Although Democrats in Congress have been struggling to unify over legislation, they have shared common ground when it has come to federal judge confirmations. Biden has nominated 42 federal judges during his first year, second only to President Kennedy. None of Biden’s nominees to the District Courts or Courts of Appeal were confirmed unanimously, with 24 judges receiving 40 or more “nay” votes. Had the filibuster rule for judicial nominees still been in place, the number of federal judges confirmed during the first year of Mr. Biden’s administration would have been much lower, given that there would have been 60 votes required to confirm a judge rather than a simple majority. The judicial filibuster was a rule that was changed originally in 2013 but remained in effect for Supreme Court nominees until 2017. Republicans then removed the filibuster for nominees to the Supreme Court so that there would be no chance for Democrats to stop President Trump’s appointments. Mitch McConnell, at the Federalist Society’s 2018 gala, justified this by saying, “No Republican president could get the kind of nominee we’d want with 60 votes.”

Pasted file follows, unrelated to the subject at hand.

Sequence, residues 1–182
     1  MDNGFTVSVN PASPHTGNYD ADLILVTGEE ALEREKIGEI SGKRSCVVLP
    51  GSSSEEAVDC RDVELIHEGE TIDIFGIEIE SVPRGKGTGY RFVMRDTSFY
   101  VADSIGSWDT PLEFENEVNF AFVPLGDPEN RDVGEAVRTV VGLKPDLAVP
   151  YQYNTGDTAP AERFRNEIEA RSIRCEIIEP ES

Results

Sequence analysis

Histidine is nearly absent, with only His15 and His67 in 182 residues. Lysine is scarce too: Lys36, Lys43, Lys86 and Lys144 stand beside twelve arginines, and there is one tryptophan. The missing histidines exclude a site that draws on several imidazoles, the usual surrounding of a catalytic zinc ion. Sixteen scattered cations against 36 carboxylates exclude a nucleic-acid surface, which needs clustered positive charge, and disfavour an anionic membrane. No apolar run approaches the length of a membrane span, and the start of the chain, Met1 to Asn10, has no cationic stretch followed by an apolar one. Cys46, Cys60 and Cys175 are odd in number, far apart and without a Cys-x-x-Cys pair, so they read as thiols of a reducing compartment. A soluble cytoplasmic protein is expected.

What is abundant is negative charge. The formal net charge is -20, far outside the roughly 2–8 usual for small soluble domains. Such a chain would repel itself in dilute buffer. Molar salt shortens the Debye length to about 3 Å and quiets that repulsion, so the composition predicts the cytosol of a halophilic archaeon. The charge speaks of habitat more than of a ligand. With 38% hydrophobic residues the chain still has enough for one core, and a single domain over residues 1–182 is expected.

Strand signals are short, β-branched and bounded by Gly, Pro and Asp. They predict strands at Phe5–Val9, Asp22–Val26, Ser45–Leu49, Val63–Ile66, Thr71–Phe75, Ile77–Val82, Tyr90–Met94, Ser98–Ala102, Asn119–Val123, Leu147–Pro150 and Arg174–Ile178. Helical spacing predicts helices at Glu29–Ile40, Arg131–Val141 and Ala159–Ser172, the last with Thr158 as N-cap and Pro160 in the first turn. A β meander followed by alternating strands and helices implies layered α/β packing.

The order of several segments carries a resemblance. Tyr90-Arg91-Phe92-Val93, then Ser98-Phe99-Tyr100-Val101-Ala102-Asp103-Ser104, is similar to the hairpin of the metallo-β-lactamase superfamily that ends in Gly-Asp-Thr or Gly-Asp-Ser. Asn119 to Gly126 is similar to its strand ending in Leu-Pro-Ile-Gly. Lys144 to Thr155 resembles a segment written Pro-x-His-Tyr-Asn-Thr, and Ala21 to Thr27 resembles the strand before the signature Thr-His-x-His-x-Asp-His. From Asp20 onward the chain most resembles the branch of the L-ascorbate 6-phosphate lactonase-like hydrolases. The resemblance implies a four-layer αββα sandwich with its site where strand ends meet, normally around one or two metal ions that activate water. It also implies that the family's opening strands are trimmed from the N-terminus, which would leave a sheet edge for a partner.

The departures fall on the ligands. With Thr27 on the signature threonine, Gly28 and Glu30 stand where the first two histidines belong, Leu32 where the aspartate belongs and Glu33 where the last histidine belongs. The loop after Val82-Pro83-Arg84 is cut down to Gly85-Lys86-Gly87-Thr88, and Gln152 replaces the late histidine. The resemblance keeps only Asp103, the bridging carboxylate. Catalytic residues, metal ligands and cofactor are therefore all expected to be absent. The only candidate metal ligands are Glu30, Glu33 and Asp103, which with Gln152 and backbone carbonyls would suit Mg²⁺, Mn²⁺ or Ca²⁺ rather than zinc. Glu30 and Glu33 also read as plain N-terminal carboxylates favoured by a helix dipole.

The complete 50-vote Democratic unity that will be required for the confirmation of any Biden nominee to the court under this Congress has been on display during the previously mentioned District and Appellate Court appointments. Under the assumption that Mr. Biden can count on the unity of Democrats in Congress, names of front runners have begun to emerge, with NBC News reporting that likely contenders include U.S. Circuit Judge Ketanji Brown Jackson of the Court of Appeals for the District of Columbia and Leondra Kruger, who is a justice on the California Supreme Court. Jackson served as a United States District Judge between 2013 and 2021 before joining the U.S. Court of Appeals for the District of Columbia in the summer of 2021. Kruger, also supremely qualified, says that she attempts to “enhanc[e] the predictability and stability of the law and public confidence and trust in the work of the courts,” a characterization of the judiciary similar to that of Justice Breyer.